Grape harvest Tuscany Italy

Wine: 10% reduction in grape harvest

Business News

The 2022 grape harvest in Italy kicks off at least seven days earlier than last year due to drought and heat over 40 degrees. The overly warm climate sees a cut in production by 10% nationwide.

Italy’s agriculture association Coldiretti, says vineyards were put to the test by hot nights and always very high minimum temperatures. These did not allow the bunches of grapes to take a bit of climate “breath” with the traditional temperature change.

Italian production this year, underlines Coldiretti, is estimated to be down by 10% at national level for a quantity of around 45.5 million hectoliters. However, a lot will depend both on the evolution of temperatures that affect ripening and on the absence of storms and hailstorms.  

READ: 2021 record wine exports

Good/excellent quality still expected

In Italy, however, a year of good/excellent quality is expected even if the trend of the grape harvest will be greatly influenced by the rest of August and September.

Despite the national decline, Coldiretti says Italy will remain the first world producer of wine. There is a challenge for second place between France and Spain, countries that have both suffered damage caused by drought and fires.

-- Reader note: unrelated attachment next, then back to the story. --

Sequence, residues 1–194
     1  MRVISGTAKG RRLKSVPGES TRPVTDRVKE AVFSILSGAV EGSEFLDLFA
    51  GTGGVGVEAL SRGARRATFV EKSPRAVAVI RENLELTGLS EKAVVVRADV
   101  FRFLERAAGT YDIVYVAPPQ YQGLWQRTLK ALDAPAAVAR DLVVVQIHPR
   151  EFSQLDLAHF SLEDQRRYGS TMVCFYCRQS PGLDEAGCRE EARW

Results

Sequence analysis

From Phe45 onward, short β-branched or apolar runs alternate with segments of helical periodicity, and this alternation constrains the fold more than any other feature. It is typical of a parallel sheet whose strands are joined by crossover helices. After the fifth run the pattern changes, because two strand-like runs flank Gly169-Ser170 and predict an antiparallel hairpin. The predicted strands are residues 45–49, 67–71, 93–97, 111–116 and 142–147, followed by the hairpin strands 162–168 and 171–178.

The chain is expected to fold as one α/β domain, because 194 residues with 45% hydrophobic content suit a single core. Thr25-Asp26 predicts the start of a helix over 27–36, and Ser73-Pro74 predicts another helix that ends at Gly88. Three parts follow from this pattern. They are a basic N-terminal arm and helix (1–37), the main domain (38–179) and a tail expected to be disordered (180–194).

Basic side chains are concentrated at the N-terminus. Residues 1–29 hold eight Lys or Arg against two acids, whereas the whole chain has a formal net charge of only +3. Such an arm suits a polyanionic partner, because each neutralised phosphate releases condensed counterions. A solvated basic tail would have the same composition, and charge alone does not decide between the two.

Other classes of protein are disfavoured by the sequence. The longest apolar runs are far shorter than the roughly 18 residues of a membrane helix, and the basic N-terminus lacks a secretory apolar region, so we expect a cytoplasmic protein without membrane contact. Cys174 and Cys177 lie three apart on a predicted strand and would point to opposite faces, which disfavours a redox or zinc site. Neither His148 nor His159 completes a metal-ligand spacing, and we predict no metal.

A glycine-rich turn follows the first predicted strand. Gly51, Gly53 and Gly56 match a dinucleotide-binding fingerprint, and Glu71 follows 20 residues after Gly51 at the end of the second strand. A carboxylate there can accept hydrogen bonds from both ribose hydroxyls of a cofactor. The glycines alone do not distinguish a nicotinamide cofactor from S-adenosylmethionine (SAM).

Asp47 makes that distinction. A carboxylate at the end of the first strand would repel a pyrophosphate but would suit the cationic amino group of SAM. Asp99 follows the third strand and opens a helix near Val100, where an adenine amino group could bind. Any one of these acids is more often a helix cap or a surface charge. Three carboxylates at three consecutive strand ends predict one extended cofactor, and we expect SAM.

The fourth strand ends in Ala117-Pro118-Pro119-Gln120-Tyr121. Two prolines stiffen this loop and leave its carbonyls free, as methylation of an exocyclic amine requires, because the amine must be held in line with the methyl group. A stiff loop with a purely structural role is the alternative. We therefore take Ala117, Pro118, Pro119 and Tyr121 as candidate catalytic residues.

From north to south of the Peninsula, the harvest traditionally starts with the Pinot and Chardonnay sparkling wine grapes. It follows in September and October with Glera for Prosecco and with the great native red grapes Sangiovese, Montepulciano and Nebbiolo. It ends in November with Aglianico and Nerello grapes. In total, there are 658,000 hectares cultivated nationwide.

“With the harvest in Italy, a system is activated that offers job opportunities to 1.3 million people engaged directly in vineyards, cellars and in commercial distribution, both for those employed in related and service activities” explains the president of Coldiretti Ettore Prandini.

To protect the enormous Italian food and wine heritage, however, it is necessary to overcome as soon as possible the bureaucratic constraints that slow down the hiring of seasonal workers. To date in agriculture, according to Coldiretti, just 10,000 seasonal workers out of the 42,000 foreseen have started working in the countryside. From Trentino to Veneto passing through Emilia up to Basilicata the situation – states Coldiretti – has become dramatic.

“It is not possible that because of the bureaucracy,” emphasises Prandini, “that companies lose the work of an entire agricultural year after having also faced the damage of drought and a heavy increase in production costs caused by the war in Ukraine”.

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